It’s one thing to say that car trends and maybe even the Auto Shows are worth reporting on, but they definitely aren’t newsworthy enought to merit a special section and full-time bloggers. That’s clearly the influence of advertisers.

    Another point that’s been made in the past is that the Times has a large readership of wealthy suburbanites who may take Metro-North to work, but will drive their Lexuses to the Danbury Mall on the weekends. I think the auto coverage caters to these people more than to the Upper East Side alternate-side calendar-checkers.

  • Franklin

    Not a Driver,

    What you’ll find as soon as you leave the cocoon of Manhattan’s political/media/corporate elite is that, in fact, New York City is no longer being taken seriously by leading policy makers in other world cities when it comes to issues of climate change, transportation policy, urban environmentalism and smart growth.

    Mayor Bloomberg (and, yes, the NY Times) have been extraordinarily slow to wake up to these issues. It will likely be seen as the major failing of his otherwise stellar mayoralty and the enormous missed opportunity of the early-2000’s development boom. NYC has fallen way behind its global competitors and, as the countdown clock in the Mayor’s bullpen shows, we are now racing to catch up.

    Question for you: With the exception of the horrible evils of foie gras, do you really see promoting NYC restaurants is the same as promoting SUV’s on NYC streets?

    The Times doesn’t advertise cigarettes anymore and here’s some news for you: Cars are the new cigarettes. “Serious” media outlets will come around to this position soon enough. Til then, I hope Streetsblog and other less “serious” outlets will continue to be “over the top.”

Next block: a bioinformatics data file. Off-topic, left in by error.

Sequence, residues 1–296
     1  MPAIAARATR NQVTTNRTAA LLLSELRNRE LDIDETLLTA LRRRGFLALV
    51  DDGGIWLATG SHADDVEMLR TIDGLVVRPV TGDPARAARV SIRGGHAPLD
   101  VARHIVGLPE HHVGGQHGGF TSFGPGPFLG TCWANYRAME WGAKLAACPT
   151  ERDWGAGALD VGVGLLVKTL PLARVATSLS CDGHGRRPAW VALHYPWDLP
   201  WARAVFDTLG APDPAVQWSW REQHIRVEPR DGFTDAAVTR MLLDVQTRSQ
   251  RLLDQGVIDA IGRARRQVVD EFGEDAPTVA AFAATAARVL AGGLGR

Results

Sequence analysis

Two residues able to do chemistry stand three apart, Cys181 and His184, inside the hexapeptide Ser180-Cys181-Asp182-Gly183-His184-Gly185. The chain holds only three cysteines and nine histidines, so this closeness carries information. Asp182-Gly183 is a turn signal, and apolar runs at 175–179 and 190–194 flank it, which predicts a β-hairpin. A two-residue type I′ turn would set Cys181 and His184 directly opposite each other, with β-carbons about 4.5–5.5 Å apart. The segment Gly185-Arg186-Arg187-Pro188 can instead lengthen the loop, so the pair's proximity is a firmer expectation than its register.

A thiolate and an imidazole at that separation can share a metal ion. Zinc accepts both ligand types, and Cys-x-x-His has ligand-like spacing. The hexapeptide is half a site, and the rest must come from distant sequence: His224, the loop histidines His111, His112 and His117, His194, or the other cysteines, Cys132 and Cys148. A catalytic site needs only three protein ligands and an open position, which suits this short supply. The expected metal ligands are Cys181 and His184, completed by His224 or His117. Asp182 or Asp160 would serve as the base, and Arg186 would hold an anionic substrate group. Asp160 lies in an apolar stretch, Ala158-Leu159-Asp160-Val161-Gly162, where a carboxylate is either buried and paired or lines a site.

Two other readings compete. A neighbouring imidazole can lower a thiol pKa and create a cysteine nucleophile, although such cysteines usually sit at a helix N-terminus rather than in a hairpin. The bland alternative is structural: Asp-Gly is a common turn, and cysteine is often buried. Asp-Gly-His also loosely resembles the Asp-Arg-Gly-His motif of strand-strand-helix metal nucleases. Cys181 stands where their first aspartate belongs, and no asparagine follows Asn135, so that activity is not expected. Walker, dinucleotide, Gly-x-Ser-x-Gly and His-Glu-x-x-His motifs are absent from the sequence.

• Gizler

    I don’t have a car, but as far as cars offering “the freedom to escape the city on a whim” – I will concede that this is true and unfortunately at this point there are few alternatives. You can take the train somewhere, but what do you do when you arrive? Unless you go to Philly or Boston, you’re stranded.

  • Angus Grieve-Smith

    Not quite true, Gizler. There are some getaways that are almost undoable without a car, and that’s what car rentals and Zipcar are for.

    However, there are a lot of places you can get to and enjoy by public transportation. My family and I have had many fun weekends away without a car in places like Ocean Grove NJ, Saratoga Springs NY, and Norwalk, CT. I’ve found these two books to be very helpful:

    Heavenly Weekends: Travel Without A Car
    Day Hiker (the seventh book on the page)

    Amazon is also showing that Frommer’s has released a competitor to Heavenly Weekends called Great Escapes From NYC Without Wheels. Has anyone seen it?

  • Angus Grieve-Smith
  • And as far as “escaping” goes (and the inevitable returning), the writer acts like he’s never sat on the FDR for two hours of a wasted Friday afternoon. You’re far better off taking a commuter train in the direction you want to go and renting a car from some remote stop.

    Finding rentals that are within a mile of a train station is a pretty advanced logistical exercise, especially when they’re mostly closed on Sundays (don’t rental franchises see the potential?), but it’s been worth it to me to save time, money, and stress on that “escape.”